Duality in j-space

15th March 2016

"In short, the time appears to have arrived, to attempt to unify the corpuscular and
undulatory approaches in an attempt to reveal the fundamental nature of the quantum."

- Louis Broglie in "On the Theory of Quanta".

"No interaction takes place between different light quanta (when gravitation is disregarded), but the interaction between light quanta and matter is responsible for the phenomena of absorption, emission and dispersion."

- Heisenberg in "Principles of Quantum Theory".
     We will confine the discussion of duality to the measurements performed in a discrete measurement space or j-space.  Let us evaluate our problem of the path AB an observer ObsC wished to travel. Initially ObsC is stuck, because in true j-space each point is different from each other and there is nothing in common. Then VT-Symmetry is assumed and ObsC is able to define two points A and B with the measurement capacity (v/c 1) and therefore path AB is possible.

    Please note that we have defined the points A and B based on an observer with maximum capacity. The path AB is traveled by different observers and their measurements constitute different probability distributions. These probability distributions vary from a delta function (capacity v/c
1), to a very noisy (capacity v/c << 1) probability distribution.

    The duality we are interested in context to j-space, is the comparison between the continuous description and the discrete description of the path traveled by an observer. We will like to understand if they represent the same event or if they are different from each other.

    Consider two paths A-B and C-D requiring different efficiencies to complete measurements. The points A and B can be measured by a high-efficiency observer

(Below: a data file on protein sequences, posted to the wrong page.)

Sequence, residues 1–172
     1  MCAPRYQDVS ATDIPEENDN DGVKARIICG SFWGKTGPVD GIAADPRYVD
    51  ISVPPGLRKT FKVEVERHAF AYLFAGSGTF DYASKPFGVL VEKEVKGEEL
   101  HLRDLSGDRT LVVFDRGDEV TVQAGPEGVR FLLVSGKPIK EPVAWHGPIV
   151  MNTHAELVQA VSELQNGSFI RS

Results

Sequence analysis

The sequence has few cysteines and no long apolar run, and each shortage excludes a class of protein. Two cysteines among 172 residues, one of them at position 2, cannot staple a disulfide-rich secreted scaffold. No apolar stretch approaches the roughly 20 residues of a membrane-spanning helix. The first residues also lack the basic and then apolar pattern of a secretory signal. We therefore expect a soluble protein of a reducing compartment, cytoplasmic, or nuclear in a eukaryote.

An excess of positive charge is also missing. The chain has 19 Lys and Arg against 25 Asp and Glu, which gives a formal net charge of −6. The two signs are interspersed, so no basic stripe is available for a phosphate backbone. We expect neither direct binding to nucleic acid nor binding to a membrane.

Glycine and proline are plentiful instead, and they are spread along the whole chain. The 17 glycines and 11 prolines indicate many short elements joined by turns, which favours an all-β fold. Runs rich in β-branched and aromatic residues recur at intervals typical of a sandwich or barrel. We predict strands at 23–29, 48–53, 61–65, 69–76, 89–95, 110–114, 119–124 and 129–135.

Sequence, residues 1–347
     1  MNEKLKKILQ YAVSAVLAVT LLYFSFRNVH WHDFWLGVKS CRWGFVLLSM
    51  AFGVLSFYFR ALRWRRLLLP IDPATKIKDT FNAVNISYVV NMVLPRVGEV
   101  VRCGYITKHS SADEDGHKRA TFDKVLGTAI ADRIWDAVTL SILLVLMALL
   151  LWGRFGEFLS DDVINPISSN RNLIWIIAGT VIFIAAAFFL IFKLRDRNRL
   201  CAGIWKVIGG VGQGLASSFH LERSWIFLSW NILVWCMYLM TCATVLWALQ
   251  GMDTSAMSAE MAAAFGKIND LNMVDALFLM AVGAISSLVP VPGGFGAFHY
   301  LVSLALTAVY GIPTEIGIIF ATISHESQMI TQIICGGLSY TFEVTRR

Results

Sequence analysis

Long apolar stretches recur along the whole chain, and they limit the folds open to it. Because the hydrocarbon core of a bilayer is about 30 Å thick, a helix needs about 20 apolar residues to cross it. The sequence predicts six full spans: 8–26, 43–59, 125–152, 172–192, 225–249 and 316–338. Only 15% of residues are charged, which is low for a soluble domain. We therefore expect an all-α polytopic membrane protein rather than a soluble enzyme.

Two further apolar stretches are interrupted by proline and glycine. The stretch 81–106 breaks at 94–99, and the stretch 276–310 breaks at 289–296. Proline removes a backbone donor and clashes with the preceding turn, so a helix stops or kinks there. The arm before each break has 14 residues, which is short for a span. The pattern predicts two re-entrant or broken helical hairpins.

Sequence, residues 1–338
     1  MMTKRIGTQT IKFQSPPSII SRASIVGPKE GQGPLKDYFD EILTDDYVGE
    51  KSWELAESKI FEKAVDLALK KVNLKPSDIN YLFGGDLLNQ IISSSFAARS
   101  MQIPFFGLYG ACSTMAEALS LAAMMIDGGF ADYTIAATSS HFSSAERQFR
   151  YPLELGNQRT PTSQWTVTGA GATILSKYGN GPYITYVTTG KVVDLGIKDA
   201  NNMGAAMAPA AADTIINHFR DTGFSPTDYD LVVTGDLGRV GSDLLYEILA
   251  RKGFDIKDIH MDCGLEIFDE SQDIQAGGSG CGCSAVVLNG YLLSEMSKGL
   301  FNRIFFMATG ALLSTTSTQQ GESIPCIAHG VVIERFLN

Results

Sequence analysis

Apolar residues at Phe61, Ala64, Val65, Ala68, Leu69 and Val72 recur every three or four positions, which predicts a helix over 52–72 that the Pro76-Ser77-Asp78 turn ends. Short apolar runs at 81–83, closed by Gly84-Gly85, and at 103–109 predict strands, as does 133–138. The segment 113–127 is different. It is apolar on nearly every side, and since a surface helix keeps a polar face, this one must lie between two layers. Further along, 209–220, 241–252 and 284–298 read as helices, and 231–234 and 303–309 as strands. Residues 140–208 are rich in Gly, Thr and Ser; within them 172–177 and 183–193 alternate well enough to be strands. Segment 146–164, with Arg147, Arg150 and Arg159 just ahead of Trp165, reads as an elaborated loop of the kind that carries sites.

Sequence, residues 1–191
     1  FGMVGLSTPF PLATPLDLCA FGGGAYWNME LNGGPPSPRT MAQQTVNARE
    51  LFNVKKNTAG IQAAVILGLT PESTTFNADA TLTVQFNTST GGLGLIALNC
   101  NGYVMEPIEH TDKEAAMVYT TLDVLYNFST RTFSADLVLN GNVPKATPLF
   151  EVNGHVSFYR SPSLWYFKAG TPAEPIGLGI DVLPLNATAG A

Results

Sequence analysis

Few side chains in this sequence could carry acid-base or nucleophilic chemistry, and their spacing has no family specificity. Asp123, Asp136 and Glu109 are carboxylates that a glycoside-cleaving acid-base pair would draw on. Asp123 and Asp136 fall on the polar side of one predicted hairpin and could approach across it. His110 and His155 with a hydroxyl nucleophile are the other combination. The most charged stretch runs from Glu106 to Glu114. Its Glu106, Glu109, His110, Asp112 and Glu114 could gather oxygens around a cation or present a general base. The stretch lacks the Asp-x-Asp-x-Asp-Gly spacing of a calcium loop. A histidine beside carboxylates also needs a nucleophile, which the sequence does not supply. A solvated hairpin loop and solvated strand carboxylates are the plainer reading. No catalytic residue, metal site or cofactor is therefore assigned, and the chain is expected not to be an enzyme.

ObsC only. The points C and D can be measured by the low-efficiency observer ObsM as well as ObsC. A low efficiency observer is likely to spend a lot more resources* traveling a path than a high efficiency observer.

    To compare we need a unit of efficiency. Let us define it by the amount of resources used up to travel path A-B by the high efficiency observer
ObsC (v/c 1) in a single measurement (zero-entropy measurement). We give it a symbol "ĥ"**Then the resources needed by the low efficiency observer to travel path C-D will be an integral multiple of  ĥ. Why an integral multiple? Because for ObsM the path AB'B can not exist hence no fraction of  ĥ is allowed.

    Remember we do not have any knowledge of energy or matter in j-space. Instead we have a measurement which essentially is an interaction. In Hamilton's anharmonic coordinates the interaction (the unit-point), itself is defined by a true-duality described by the axes OX and OY in OXY. However we are not keen neither on the description of the measurement metric itself nor on the interpretation of the interaction in the metric itself. It is like developing an skeleton we can flesh afterwards.

    All we know is that for a zero-entropy path a measurement metric is not needed neither is the wave-description. The reason being that the points A, B and the zero-entropy path connecting them, are identically measured to the last detail and therefore they together represent a single point for ObsM. For us this represents true discreteness.

     Therefore in j-space the wave propagation describes an entropic path or equivalently a path with variation with respect to the time-axis. The point-representation and the wave-representation are not equivalent in j-space. The wave-representation will follow only after
"ĥ" is established and the time-axis is rolled out.

   The discussion so far is required before we try to understand the conventional wave-particle duality and the importance of Quantum Mechanics.

* The "resources required" will translate into the observer's metric as the "momentum required". For a high efficiency observer (v/c
1), the energy = pc where p is the observer momentum and c is the maximum velocity available to the observer in his/her measurement metric.

** The unit of efficiency "ĥ" , will have different interpretations for different observers and their respective measurement metrics.

*** Think topologically.

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